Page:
The Gardens of Venice
A new book on the gardens of Venice and Veneto captures the diversity, magic and fascination of cultivated nature in and around the lagoon city.
From the first glimpse of a potted lemon tree on a wooden rooftop altane, I have wanted to find out more about the gardens of Venice. Venice is not in any way a green city, but weaved into the urban fabric there are lush private courtyards, monastery gardens, ancient vineyards and vegetable plots of spellbinding beauty. And if you move further out in the region there are thousands of ville venete with extraordinary and magnificent gardens.
In ‘The Gardens of Venice and the Veneto’ (published by Frances Lincoln Publishers and available from Amazon UK and Amazon US), art historian and Venice expat Jenny Condie and photographer Alex Ramsay introduces us to 21 unique gardens in Venice and Veneto. Most of the gardens are to some extend open to the public, making the book a useful and inspiring guide to future tours in the region.
The gardens in the city of Venice alone demonstrate the scope of the book. In four chapters we hear about public parks like the newly opened labyrinth behind the cloisters of San Giorgio Maggiore that were inspired by Jorge Luis Borges’ short story about ‘The Garden of Forking Paths’. Vegetables plots and a paradise lost on Giudecca. Monumental grandeur and hidden courtyards by the palazzos. And minimalist symbolism on Castello. It seems that everywhere in the lagoon city there are restful green patches to to discover.
Orchards and Eden
Jenny Condie starts with a visit to Giudecca, where a restful peace made Venetian patricians set up their summer residences and where there are pockets of horticultural activity. The few remaining monks of the Capuchin Friars Minor of the Church of the Redentore still cultivate grapes and kiwi and produce to feed themselves and make daily meals for those in need. A specific microclimate enables the growth of olive trees. And there is an orchard full of plums, pears and pomegranates. Similarly Giudecca women’s prison tends a large organic vegetable garden on the island. And there are dense pergolas of vines, roses and lavender among the surviving gardens.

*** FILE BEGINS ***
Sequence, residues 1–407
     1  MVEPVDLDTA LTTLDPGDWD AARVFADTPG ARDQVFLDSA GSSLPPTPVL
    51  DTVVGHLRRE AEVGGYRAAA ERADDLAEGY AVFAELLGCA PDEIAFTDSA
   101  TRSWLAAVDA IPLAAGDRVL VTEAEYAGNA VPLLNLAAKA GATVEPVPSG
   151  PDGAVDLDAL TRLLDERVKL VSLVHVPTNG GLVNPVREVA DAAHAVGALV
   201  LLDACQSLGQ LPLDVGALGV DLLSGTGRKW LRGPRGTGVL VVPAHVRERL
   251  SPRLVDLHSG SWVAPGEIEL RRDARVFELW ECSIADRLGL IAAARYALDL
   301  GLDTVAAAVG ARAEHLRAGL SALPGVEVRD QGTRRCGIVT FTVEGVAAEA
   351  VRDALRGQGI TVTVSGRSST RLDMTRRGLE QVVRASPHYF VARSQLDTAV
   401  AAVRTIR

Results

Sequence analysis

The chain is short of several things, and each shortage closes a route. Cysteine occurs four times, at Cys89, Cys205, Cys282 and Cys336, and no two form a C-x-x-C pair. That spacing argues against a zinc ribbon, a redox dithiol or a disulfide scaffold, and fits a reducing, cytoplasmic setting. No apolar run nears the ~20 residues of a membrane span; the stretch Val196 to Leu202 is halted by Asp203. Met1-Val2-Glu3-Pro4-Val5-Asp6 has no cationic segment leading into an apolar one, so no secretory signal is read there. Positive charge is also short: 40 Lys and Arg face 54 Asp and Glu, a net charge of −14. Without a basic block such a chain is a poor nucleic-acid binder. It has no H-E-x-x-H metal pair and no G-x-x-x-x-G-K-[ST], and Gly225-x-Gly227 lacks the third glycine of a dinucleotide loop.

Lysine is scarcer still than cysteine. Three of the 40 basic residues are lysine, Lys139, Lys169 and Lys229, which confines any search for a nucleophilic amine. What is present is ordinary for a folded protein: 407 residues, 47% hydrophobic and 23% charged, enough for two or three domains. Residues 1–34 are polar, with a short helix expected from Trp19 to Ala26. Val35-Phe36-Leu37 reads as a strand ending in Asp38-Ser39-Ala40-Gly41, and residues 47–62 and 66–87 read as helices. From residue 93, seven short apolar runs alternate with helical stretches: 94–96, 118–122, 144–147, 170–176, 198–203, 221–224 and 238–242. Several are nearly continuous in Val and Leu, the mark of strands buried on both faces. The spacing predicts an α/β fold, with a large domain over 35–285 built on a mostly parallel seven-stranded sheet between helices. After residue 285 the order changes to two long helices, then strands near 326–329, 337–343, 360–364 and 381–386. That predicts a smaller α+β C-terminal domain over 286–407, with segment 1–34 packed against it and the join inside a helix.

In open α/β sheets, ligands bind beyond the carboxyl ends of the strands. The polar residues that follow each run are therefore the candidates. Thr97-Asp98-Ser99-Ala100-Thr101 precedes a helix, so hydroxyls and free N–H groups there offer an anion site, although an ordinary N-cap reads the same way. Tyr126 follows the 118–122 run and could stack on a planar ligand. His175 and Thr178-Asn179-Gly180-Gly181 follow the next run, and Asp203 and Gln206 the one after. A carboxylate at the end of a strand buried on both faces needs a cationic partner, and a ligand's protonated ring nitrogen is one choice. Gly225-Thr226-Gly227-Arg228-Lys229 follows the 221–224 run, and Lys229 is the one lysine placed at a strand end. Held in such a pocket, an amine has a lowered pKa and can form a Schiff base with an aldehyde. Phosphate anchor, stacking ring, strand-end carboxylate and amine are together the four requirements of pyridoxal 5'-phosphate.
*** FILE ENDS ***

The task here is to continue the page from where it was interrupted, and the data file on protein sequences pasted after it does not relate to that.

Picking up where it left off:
The most mythical and famous garden on Giudecca, however, is the ‘Garden of Eden’, where the owner Frederic Eden entertained artistic visitors like Henry James, Rilke and Cocteau. Regrettably, the garden has been inaccessible since the death of its last owner, the Austrian artist Friedensreich Hundertwasser, but the stories live on.
Flowers by the Grand Canal, Santa Croce and Castello
Another conspicuous garden belongs to Palazzo Cappello Malipiero Barnabò spilling pink flowers and green foliage out among the palaces on the Grand Canal. According to Jenny Condie it is a garden with a strong water theme and the inner courtyard is alive with monumental sculptures.
A similar mixture of nature and art is found in the recently restored garden of Palazzo Soranze Cappello on Santa Croce. This place that inspired Henry James’ story about the Misses Bordereau in ‘The Aspern Papers’ has Roman Emperors lined up in the courtyard, enticing paths and untamed undergrowth. Jenny Condie relates all the stories and literary references of the place seconded by Alex Ramsay’s enticing photos.
In contrast Fondazione Querini Stampalia on Castello represents a very different, small and modern garden. The tiny space behind the public library and museum is strongly influenced by Japanese gardens with a wealth of details and respect for exquisite craftsmanship.
From Venice Jenny Condie moves on to the magnificent gardens on the Brenta Canal and the baroque masterpieces in the hills beyond. And her insight and enthusiasm makes it a joy to trail along every step of the way.
All photographs are by Alex Ramsey
Disclosure: Some posts on Italian Notes are sponsored, but the opinions expressed are always my own.